If the Earth Is Full, It Shouldn’t Also Get Poorer
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Tom Friedman had an interesting column yesterday with the intentionally provocative title of "The Earth is Full." While the title indicates that Mr. Friedman hasn’t been to Central Pennsylvania, West Texas, the Australian Outback or numerous other “not full” places, the piece makes a very important point about the Earth’s resources – namely, they are limited and we use them up at our peril. There is only so much groundwater, clean air, rhinoceros horn, shark fin, buffalo and Chesapeake oyster to go around (just by way of example). If we use them faster than they replenish then we will suffer and, in some cases, die. Over the course of human history there have been thousands of societies that have faltered and failed because they couldn’t manage natural resources well. Economists call it the “principle of scarcity” and one of the great things about the free enterprise system (when it’s allowed to work properly) is that it attaches increasing values to decreasing resources and thus can put inherent limits on consumption.
But Friedman’s article gets strange at the end when he tries to address solutions. In particular, this section employs what I call the “Let’s All Just Move Back to the Happy Farm Hypothesis”:
We will realize, he predicts, that the consumer-driven growth model is broken and we have to move to a more happiness-driven growth model, based on people working less and owning less. “How many people,” Gilding asks, “lie on their death bed and say, ‘I wish I had worked harder or built more shareholder value,’ and how many say, ‘I wish I had gone to more ballgames, read more books to my kids, taken more walks?’ To do that, you need a growth model based on giving people more time to enjoy life, but with less stuff."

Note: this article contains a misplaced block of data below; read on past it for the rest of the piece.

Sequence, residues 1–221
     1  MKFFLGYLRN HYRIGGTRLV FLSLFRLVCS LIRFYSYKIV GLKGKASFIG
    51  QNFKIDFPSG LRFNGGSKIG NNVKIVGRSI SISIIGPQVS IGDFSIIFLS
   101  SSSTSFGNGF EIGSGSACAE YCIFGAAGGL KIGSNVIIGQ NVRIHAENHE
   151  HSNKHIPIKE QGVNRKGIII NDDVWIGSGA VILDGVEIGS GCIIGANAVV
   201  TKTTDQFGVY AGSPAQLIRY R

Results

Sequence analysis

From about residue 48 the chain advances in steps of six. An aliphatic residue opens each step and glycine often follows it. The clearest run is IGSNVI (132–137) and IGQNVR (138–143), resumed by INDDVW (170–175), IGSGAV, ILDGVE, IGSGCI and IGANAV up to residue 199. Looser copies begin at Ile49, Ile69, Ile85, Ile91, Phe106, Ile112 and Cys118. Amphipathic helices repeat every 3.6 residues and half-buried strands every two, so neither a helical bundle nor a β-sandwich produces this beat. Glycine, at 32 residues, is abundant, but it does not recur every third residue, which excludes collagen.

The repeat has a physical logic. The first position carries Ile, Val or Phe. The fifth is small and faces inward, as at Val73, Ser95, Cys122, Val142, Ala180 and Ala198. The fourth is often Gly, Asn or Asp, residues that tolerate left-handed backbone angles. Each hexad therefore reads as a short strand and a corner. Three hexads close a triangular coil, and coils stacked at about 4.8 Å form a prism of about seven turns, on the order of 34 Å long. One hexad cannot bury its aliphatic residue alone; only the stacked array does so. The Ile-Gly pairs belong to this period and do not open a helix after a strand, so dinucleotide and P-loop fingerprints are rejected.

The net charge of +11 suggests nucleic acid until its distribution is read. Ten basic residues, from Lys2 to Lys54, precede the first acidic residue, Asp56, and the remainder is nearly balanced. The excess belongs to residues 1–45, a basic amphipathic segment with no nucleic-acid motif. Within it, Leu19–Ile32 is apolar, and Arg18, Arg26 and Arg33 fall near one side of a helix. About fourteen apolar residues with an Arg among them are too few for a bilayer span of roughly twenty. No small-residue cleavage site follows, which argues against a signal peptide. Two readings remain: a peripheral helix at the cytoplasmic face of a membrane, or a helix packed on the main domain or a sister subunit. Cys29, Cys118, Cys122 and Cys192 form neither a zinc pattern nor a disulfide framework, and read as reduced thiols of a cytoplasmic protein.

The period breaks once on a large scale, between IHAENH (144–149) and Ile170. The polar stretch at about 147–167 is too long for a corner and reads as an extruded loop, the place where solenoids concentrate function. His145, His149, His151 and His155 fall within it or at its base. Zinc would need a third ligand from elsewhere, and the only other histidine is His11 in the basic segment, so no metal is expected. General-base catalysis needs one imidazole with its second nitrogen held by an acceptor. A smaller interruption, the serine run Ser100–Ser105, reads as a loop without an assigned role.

If we all just kicked back and quit reaching for the brass ring then everything would be cool and the world would glide back into balance. After all, aren’t those people who work too hard and strive for money and success just annoying?
The only trouble is that those hard working types are responsible for the creation of a few things that even people back on the communal farm like and appreciate:
- Medical technology;
- Efficient solar and wind technology;
- Personal computers, iPads and cellphones;
- Education and information;
- Reliable electricity;
- Potable water;
- A sustainable tax base that pays for common social goods.
Just to name a few. The fact is that economic growth is the answer, not the problem. Societies rarely, if ever, get cleaner or happier as they get poorer. Quite the opposite. The highest population growth rates are in the poorest countries. On the other side of the coin, the United States has more trees today than it did in 1920. That’s because we had economic growth that allows us to afford to devote more land to trees – and technological advancements that allow us to use our agricultural land more efficiently.
The answer to diminishing resources isn’t to give up and move back to 1850. It to pursue economic growth that will allow us to develop the capacity and knowledge to manage those resources better.